The real power of semantic (and keyword) search comes when a search corpus is too large for a human to search manually. However if the corpus is enormous, we’d rather avoid looking at every document each time we get a query. Thankfully, there are methods to avoid this by using specially tailored data structures: see Inverted Indices for keyword algorithms, and Hierarchical Navigable Small World graphs [5] for semantic algorithms. These both reduce search time complexity from $\mathcal{O}(|\mathcal{D}|)$ to $\mathcal{O}(\log |\mathcal{D}|)$, where $|\mathcal{D}|$ is the corpus size.

There are many startups (Pinecone, Weviate, Milvus, Chroma, etc.) that are proposing so-called vector databases – databases in which embeddings are stored, and queries can be efficiently performed. Though, there is also work contesting the need for these types of database in the first place [7].

Summary

We summarised search, semantic search, and how transformers are fine-tuned for search with a contrastive loss. I personally find this a very nice area of research with exciting real-world applications – please reach out (ben.anson@bristol.ac.uk) if you’d like to discuss it!

References

[1]: Text and code embeddings by contrastive pre-training, Neelakantan et al (2022)

[2]: Task-aware Retrieval with Instructions, Asai et al (2022)

[3]: One embedder, any task: Instruction-finetuned text embeddings, Su et al (2022)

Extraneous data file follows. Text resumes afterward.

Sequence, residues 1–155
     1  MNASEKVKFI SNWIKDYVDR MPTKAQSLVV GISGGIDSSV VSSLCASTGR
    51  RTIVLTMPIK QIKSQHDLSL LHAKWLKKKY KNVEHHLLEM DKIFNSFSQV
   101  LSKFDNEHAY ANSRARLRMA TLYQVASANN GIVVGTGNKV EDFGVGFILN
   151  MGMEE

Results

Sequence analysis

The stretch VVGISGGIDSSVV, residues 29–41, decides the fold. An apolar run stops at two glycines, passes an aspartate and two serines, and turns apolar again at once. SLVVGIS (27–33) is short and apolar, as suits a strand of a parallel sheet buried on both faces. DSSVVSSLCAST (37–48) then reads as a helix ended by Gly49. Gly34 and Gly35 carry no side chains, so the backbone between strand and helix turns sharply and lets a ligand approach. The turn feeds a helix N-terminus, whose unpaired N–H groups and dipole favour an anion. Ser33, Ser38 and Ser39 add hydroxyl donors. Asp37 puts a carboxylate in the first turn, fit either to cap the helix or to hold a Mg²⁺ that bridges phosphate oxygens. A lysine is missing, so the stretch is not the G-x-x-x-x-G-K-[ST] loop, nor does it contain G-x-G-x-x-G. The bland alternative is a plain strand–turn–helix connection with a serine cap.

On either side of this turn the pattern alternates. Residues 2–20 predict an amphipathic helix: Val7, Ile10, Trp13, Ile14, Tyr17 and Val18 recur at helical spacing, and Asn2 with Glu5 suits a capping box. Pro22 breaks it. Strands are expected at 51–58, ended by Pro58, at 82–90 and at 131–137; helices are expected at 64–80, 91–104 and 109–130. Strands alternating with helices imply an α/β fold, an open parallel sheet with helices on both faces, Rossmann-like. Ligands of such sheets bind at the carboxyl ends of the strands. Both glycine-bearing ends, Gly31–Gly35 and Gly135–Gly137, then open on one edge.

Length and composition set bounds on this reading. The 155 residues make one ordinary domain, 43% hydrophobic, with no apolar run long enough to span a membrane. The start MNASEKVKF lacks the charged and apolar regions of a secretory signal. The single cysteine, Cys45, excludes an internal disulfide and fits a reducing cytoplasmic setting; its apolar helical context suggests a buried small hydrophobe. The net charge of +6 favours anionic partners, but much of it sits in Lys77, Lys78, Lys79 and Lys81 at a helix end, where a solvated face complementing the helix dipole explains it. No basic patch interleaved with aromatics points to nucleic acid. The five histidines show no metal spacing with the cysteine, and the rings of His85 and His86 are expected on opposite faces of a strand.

[4]: Some simple effective approximations to the 2-poisson model for probabilistic weighted retrieval, Robertson and Walker (1994)

[5]: Efficient and robust approximate nearest neighbor search using Hierarchical Navigable Small World graphs, https://arxiv.org/abs/1603.09320

[6]: An Image is Worth 16×16 Words: Transformers for Image Recognition at Scale, https://arxiv.org/abs/2010.11929

[7]: Vector Search with OpenAI Embeddings: Lucene Is All You Need, arXiv preprint arXiv:2308.14963

[8]: Complement lexical retrieval model with semantic residual embeddings, Advances in Information Retrieval (2021)

[9]: Attention is all you need, Advances in neural information processing systems (2017)

A post by Josh Givens, PhD student on the Compass programme.

Density ratio estimation is a highly useful field of mathematics with many applications. This post describes my research undertaken alongside my supervisors Song Liu and Henry Reeve which aims to make density ratio estimation robust to missing data. This work was recently published in proceedings for AISTATS 2023.

Density Ratio Estimation

Definition

As the name suggests, density ratio estimation is simply the task of estimating the ratio between two probability densities. More precisely for two RVs (Random Variables) on some space with probability density functions (PDFs) respectively, the density ratio is the function defined by